It’s all so unfair
Oh dear, the poor psychics are worried.
[N]ow psychics must add a few riders before they invoke the voices of the dead, thanks to new consumer laws due to come into force…Promises to raise the dead, secure good fortune or heal through the laying on of hands are all at risk of legal action from disgruntled customers. Spiritualists say they will be forced to issue disclaimers, such as ‘this is a scientific experiment, the results of which cannot be guaranteed’. They claim the new regulations will leave them open to malicious civil action by sceptics.
Uh…yeah; and? If you promise to raise the dead or secure good fortune or heal via magic, why shouldn’t you be at risk of legal action from disgruntled customers? What should you be – immune? Say you promise to raise the dead, five hundred bucks a try. You fail, the customer tries again, you fail again, customer tries again – and this keeps up until the customer has given you her life savings of fifty thousand dollars. To what are we supposed to attribute all these failures? Bad luck? The weather? The collapse of the housing market? Isn’t there something to be said for the idea that you never actually had a workable plan for raising the dead in the first place, and therefore shouldn’t have been charging a non-refundable fee for the service? I would argue there is quite a lot to be said for that idea.
For the past half-century, ‘genuine’ mediums have been protected by the 1951 Fraudulent Mediums Act, under which prosecutors had to prove fraud and dishonest intent to secure a criminal conviction, which was difficult. There have been fewer than 10 convictions in the past 20 years.
That’s quite funny. So everyone had to pretend to believe that ‘mediums’ genuinely believed they could raise the dead in spite of a long history of never actually doing so? In spite in fact of a historical record in which there are no (0) cases of people raised from the dead? Mediums could safely offer (for a fee) to raise the dead as matter-of-factly as a grocer selling a dozen eggs or a bus driver accepting a fare for taking you from Putney to Chelsea, undisturbed by the (one would think troubling) fact that the promised service was never forthcoming?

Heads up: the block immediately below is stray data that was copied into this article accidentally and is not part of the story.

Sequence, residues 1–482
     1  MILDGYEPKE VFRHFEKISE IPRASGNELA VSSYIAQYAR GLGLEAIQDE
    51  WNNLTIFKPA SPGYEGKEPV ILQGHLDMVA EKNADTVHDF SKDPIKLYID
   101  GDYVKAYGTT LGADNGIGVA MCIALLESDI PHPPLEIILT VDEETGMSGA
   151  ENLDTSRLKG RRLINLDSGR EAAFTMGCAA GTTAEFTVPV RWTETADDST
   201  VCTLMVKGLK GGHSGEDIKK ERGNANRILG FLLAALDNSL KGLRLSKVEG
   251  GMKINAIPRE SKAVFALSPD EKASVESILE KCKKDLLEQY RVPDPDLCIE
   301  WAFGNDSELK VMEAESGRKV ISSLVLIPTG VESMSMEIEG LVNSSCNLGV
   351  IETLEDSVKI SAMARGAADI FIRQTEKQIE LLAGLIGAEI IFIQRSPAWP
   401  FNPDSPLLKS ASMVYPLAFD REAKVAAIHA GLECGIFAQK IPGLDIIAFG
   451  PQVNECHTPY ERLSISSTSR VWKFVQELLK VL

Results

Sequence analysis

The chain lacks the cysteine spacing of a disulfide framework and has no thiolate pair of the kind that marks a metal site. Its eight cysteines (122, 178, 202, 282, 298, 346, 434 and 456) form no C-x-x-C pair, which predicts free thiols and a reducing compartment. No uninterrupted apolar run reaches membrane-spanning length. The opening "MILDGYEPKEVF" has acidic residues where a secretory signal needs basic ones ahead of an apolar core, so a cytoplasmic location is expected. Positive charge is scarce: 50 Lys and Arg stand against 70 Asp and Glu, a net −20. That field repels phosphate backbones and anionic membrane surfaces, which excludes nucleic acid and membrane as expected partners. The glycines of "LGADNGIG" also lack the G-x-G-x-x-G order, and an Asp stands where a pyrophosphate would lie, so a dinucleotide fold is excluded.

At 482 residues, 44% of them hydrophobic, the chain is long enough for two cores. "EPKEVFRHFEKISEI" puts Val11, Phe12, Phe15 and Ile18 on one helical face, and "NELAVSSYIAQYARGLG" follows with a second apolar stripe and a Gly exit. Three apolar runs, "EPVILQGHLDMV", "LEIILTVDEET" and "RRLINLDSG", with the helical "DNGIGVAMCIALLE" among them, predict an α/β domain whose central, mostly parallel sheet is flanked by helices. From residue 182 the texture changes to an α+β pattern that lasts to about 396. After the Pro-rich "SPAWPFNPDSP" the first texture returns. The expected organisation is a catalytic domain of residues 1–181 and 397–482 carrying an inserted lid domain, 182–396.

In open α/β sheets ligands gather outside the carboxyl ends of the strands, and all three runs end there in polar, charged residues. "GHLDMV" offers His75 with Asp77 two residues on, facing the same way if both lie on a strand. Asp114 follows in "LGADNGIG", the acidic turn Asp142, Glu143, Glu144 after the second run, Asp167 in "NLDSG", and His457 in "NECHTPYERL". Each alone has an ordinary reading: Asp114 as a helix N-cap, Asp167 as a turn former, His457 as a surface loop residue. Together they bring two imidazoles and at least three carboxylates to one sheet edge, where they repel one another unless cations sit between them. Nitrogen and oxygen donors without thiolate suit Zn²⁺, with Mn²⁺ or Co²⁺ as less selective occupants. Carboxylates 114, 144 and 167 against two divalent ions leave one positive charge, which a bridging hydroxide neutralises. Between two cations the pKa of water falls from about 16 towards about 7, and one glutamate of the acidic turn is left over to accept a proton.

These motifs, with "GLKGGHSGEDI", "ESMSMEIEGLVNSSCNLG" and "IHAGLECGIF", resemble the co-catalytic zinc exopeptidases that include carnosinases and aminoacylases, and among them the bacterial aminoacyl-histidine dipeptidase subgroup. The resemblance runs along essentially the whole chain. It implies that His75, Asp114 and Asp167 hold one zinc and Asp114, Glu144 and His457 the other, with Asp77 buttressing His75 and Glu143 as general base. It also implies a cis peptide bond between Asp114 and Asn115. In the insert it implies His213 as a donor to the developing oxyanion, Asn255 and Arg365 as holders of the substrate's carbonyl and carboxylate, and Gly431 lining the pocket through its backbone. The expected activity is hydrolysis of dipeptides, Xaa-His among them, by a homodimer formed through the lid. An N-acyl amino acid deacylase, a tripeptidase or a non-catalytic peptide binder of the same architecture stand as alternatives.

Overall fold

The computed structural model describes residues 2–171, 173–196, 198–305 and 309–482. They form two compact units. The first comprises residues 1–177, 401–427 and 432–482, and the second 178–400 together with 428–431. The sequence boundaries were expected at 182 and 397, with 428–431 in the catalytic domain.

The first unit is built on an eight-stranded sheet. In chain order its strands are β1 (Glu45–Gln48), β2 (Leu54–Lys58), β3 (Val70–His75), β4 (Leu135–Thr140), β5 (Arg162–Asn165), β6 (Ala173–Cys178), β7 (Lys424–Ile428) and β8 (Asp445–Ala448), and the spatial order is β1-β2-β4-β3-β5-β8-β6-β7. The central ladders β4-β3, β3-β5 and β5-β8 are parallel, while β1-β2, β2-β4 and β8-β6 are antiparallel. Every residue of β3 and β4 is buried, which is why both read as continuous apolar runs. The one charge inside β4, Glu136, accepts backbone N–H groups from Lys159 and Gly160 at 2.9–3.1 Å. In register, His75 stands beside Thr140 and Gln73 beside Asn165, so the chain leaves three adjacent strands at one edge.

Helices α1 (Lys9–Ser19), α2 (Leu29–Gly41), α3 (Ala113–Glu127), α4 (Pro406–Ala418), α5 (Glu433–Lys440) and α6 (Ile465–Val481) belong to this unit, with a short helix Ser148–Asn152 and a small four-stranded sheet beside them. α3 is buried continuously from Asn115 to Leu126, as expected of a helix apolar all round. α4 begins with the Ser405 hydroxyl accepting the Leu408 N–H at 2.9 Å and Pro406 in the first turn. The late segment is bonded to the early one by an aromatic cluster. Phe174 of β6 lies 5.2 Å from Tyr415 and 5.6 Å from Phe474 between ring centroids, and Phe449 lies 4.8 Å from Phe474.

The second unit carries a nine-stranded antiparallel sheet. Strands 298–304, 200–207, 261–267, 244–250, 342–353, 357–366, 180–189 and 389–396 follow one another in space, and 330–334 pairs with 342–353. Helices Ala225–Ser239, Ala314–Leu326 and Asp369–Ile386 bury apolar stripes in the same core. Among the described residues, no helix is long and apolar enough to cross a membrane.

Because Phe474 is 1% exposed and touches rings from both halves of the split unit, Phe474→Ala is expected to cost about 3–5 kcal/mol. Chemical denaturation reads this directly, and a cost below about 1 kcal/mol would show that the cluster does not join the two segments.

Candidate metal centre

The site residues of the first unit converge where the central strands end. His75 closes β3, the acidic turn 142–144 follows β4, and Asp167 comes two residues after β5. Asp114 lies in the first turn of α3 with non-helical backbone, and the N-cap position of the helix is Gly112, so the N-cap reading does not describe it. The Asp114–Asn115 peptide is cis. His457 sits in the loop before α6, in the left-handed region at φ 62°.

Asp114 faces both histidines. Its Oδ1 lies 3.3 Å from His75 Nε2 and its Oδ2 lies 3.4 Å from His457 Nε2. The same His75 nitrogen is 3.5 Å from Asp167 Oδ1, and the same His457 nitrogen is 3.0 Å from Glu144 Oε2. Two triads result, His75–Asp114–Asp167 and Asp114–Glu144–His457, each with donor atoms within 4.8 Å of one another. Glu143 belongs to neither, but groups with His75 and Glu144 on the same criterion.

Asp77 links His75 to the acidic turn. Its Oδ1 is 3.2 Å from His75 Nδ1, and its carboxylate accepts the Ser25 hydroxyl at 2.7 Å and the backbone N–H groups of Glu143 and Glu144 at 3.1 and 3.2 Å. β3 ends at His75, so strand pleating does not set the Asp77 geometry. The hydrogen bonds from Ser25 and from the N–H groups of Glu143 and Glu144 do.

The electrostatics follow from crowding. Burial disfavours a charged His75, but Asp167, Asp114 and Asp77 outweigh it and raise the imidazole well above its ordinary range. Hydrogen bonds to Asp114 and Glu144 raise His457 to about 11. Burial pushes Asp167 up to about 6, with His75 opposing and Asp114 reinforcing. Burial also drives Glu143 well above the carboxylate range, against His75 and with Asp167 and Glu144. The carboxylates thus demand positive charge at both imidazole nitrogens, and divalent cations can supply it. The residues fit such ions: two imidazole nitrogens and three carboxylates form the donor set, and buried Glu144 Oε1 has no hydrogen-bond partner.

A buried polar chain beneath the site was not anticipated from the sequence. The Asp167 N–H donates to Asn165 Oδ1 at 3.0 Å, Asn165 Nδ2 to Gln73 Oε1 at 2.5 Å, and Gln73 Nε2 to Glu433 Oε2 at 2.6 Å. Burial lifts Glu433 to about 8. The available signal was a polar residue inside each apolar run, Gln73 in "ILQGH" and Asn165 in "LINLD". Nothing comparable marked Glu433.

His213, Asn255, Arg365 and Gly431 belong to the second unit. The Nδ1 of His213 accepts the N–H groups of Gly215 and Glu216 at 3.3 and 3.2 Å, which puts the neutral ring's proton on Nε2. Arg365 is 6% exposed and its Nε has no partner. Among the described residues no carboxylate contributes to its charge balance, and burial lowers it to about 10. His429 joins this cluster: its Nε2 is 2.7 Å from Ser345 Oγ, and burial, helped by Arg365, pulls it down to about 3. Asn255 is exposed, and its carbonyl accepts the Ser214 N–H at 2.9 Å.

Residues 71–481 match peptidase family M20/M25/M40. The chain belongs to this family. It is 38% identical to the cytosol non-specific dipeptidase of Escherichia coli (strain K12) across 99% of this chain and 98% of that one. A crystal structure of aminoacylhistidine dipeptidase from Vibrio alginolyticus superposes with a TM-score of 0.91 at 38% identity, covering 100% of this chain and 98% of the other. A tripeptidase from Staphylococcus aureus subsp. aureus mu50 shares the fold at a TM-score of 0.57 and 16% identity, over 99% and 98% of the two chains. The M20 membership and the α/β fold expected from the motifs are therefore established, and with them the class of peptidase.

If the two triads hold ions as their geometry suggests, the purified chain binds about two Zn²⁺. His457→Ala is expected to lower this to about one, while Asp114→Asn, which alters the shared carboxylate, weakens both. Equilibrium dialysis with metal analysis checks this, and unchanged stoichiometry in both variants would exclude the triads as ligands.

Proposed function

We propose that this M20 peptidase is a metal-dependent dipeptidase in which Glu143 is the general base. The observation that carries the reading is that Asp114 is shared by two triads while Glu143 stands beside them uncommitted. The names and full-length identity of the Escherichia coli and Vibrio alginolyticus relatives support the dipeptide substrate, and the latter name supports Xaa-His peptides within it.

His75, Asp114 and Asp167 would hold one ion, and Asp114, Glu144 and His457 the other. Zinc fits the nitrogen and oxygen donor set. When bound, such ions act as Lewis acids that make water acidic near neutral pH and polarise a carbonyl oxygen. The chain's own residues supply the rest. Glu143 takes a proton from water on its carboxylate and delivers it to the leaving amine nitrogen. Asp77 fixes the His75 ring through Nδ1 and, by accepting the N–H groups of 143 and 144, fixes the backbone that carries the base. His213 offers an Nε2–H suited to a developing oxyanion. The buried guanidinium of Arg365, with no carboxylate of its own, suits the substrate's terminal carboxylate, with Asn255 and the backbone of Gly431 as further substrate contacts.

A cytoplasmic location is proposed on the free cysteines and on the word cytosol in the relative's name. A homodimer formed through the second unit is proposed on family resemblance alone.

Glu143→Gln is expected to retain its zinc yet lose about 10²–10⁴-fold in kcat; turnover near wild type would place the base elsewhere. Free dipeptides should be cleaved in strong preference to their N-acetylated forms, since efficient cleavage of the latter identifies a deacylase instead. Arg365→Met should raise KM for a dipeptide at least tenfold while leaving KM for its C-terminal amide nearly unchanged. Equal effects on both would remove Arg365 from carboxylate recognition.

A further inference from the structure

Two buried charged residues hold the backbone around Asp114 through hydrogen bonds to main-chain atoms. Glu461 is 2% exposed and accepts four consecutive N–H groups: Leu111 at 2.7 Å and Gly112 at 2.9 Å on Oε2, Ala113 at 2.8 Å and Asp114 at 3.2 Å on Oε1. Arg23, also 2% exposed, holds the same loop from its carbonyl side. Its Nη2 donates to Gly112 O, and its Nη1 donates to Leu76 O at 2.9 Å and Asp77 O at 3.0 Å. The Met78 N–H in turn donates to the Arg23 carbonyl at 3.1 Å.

Didn’t anyone ever notice? Didn’t anyone ever stop and say ‘Wait, though – does this actually work? All those people I know of who’ve died – I haven’t seen a single one of them since. If this worked, wouldn’t someone have paid the fee to bring them back? Why don’t we ever see the ones who return? There’s something fishy here’?
Carole McEntee-Taylor, a spiritualist healer in Essex, said having to stand up and describe the invoking of spirits as an ‘experiment’ was forcing spiritualists to ‘lie and deny our beliefs’. She added: ‘No other religion has to do that.’
True, but they ought to. But also relevant is the fact that other religions don’t charge fees on the same basis – they pass the plate, but they don’t make their services conditional on a fee. But most relevant of all is the fact that you have no right to believe you can raise the dead – not in your line of work. A belief like that in your line of work is equivalent to an oncologist believing she can cure cancer by singing the Ode to Joy. You can’t charge people money for raising the dead merely because you (claim to) believe that you can in fact raise the dead when you never have in fact raised the dead. It’s unethical, to put it very mildly indeed.